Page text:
Paleoseismology of Utah, Volume 19: Late Quaternary faulting in East Canyon Valley, Northern Utah (MP 10-5)
By: L. A. Piety, L. W. Anderson, and D. A. Ostenaa
East Canyon Valley, a 25-km-long by 5-km-wide back-valley, is on the eastern flank of the Wasatch Range about 25 km northeast of Salt Lake City and the Wasatch Front. Previous geologic mapping and the geomorphic expression of this north-northeast-trending valley suggest that East Canyon valley is a middle to late Cenozoic half-graben bounded on the west by the East Canyon fault. The Main Canyon fault, previously referred to as the East of East Canyon or East Canyon â€“ East Side fault, is a down-to-the-west normal fault that partly coincides with the drainage divides that bound the east side of East Canyon valley. The Main Canyon fault cuts across existing topography, but has nearly continuous expression in the landscape for about 26 km. Previous interpretations have suggested that the Main Canyon fault is a minor structural feature, antithetic to the East Canyon fault.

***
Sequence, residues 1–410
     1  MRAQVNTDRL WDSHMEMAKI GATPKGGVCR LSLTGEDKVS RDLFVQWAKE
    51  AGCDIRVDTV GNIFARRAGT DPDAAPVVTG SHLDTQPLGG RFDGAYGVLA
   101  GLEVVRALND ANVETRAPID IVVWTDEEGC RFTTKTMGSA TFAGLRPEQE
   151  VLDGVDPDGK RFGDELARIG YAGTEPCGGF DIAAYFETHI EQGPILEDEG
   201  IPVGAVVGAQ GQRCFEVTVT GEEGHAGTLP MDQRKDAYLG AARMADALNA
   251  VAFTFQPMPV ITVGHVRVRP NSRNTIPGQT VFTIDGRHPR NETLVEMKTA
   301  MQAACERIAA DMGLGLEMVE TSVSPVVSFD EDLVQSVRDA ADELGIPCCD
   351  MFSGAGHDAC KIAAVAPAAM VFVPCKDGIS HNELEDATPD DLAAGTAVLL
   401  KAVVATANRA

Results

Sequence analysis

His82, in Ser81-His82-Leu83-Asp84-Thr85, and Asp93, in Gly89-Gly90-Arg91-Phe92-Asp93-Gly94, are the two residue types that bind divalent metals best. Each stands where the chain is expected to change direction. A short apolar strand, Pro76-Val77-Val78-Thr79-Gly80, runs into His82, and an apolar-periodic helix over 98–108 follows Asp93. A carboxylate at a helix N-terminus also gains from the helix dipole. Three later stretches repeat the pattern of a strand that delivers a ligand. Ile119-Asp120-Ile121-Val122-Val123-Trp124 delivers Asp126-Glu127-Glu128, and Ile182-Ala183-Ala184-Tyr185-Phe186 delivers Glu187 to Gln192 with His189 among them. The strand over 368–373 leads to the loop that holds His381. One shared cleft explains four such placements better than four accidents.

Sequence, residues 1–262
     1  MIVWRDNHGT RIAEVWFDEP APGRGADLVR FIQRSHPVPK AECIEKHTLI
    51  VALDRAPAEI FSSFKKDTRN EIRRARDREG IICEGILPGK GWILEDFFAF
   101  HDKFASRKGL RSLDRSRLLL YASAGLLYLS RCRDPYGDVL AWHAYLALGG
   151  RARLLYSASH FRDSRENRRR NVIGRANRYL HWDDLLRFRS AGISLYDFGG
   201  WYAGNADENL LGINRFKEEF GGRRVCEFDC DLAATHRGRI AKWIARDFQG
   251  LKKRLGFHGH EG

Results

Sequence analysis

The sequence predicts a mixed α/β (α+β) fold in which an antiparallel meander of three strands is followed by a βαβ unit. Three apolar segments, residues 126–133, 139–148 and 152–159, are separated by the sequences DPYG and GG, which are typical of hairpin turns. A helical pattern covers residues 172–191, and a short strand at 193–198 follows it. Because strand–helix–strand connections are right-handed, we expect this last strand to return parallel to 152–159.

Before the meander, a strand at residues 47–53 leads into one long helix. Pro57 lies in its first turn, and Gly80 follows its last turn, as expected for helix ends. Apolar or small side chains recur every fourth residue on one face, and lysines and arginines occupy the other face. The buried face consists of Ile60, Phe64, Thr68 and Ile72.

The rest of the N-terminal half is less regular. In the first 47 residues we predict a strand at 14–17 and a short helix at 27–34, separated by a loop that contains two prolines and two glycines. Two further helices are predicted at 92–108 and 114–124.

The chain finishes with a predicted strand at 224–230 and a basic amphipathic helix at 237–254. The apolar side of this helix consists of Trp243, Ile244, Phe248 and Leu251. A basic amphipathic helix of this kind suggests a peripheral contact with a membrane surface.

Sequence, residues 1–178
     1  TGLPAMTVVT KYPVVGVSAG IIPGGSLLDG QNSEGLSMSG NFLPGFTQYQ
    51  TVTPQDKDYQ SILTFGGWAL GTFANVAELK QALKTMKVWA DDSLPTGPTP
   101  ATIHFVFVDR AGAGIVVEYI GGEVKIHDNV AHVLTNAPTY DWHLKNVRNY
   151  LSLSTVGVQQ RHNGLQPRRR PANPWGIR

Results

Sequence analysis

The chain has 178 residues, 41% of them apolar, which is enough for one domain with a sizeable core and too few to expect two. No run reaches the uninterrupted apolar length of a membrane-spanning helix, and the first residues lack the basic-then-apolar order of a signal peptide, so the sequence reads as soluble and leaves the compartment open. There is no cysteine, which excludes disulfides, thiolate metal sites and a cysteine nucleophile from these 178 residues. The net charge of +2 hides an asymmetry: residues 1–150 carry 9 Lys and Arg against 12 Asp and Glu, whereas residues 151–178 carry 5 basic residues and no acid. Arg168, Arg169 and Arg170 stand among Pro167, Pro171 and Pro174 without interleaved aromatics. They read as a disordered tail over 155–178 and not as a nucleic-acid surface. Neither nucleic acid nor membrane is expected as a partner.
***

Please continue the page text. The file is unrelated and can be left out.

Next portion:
This Utah Geological Survey Miscellaneous Publication, Late Quaternary Faulting in East Canyon Valley, Northern Utah, is the nineteenth report in the Paleoseismology of Utah series. This series makes the results of paleoseismic investigations in Utah available to geoscientists, engineers, planners, public officials, and the general public. These studies provide critical information regarding paleoearthquake parameters such as earthquake timing, recurrence, displacement, slip rate, fault geometry, and segmentation, which can be used to characterize potential seismic sources and evaluate the long-term seismic hazard of Utahâ€™s Quaternary faults. The purpose of this study was to evaluate the Quaternary activity of the two faults as part of a seismic safety assessment of East Canyon Dam.
Pages: 39 p. + 8 appendices
Location: Cache County, Morgan County, Rich County, Summit County, and Weber County